This year Clare’s request for our anniversary is far less demanding. “I just want us to have a meal someplace where we can be together and have eye contact with no distractions.” Both of us are mindful that we have no idea how many more anniversaries we will have together. Each one is to be savored.

          Most of us are aware that marriage can be fragile. Few extended families have escaped the pain of separation or divorce. Clare and I have several good friends and dear family members who have suffered through the dissolution of their marriages.

          Both Clare and I had parents who were married to one person until death separated them: mom and dad for fifty-eight years and Clare’s parents for forty-two years. Our parents set an excellent example for us.

          We were married on a hot, humid Saturday in a small Methodist Church in the Midlands of South Carolina.  My three brothers and Clare’s only brother, Ben, were the groomsmen.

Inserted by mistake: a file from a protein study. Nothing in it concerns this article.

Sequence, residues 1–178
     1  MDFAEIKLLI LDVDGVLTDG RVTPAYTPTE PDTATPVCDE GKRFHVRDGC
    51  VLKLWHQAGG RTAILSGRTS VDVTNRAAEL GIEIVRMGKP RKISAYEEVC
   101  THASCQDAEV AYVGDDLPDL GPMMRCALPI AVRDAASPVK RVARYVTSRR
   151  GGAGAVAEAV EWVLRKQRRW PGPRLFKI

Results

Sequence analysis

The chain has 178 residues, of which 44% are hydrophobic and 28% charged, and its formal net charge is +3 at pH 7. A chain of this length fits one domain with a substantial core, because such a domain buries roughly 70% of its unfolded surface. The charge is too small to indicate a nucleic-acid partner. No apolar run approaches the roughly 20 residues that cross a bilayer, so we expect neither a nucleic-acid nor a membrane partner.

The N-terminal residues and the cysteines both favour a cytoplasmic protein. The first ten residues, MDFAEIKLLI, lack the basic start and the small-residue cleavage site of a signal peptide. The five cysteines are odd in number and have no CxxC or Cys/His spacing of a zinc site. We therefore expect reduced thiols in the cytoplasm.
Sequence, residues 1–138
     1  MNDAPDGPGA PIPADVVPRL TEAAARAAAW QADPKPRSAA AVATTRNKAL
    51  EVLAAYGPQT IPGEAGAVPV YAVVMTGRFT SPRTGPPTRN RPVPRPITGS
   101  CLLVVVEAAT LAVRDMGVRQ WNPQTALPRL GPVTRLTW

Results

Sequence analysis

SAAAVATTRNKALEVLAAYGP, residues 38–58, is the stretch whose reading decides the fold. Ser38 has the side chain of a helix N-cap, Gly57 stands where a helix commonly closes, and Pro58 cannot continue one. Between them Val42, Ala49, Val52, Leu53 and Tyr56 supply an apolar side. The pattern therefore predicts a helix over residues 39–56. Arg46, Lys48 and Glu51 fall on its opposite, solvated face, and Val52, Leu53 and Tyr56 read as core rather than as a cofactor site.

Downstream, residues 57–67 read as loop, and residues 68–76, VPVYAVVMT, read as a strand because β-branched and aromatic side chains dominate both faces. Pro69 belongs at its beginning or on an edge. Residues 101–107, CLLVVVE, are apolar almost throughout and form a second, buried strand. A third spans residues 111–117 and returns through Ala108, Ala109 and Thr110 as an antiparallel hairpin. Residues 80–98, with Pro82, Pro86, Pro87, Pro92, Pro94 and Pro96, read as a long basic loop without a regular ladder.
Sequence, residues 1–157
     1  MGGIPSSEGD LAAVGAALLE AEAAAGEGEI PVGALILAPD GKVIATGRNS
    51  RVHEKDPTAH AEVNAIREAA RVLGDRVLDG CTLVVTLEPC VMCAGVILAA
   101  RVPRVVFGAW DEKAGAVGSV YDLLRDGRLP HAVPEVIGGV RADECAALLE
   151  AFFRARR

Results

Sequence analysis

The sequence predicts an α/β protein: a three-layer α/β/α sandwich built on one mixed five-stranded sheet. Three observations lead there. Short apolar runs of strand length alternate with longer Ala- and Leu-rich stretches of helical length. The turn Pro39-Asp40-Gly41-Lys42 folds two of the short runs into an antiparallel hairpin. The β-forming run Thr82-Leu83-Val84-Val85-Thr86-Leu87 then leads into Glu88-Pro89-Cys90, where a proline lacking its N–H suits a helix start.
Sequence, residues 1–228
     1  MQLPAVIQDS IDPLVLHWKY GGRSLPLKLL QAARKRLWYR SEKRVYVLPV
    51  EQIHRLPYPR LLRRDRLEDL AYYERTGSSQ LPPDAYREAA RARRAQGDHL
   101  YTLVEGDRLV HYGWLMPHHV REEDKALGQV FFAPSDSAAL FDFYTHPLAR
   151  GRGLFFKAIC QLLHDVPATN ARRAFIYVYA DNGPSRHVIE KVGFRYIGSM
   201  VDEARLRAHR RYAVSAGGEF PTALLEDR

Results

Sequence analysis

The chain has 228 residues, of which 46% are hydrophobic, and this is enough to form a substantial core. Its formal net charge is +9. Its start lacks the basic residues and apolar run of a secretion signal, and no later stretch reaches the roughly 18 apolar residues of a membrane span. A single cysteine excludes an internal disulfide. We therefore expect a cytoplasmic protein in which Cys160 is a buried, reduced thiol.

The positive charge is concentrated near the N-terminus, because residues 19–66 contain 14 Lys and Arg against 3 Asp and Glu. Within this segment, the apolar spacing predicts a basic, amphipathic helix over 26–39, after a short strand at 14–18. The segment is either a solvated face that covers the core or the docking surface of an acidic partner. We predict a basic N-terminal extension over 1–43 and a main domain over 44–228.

The wedding proceeded as rehearsed the previous night. Holding Clare’s hands, looking into her beautiful green eyes, I repeated my vows.  Suddenly, there was a loud crash behind me. Clare’s brother had fainted.

          Always a quiet person, Ben had been ill the night before. He had kept it to himself so as not to interfere with the wedding. Unable to eat, standing motionless next to a bank of candles in a hot Methodist Church, Ben passed out. When he fell forward, his mouth hit the altar rail, knocking out his two front teeth. Blood was everywhere.

          My brothers scooped up Ben’s limp body and hauled him, arms and legs dangling, out the side door. Clare’s father jumped to his feet to attend to his son. The pastor simply waited to continue. Finally, the father of the bride and the three stunned groomsmen returned. Then, Clare repeated her vows to me.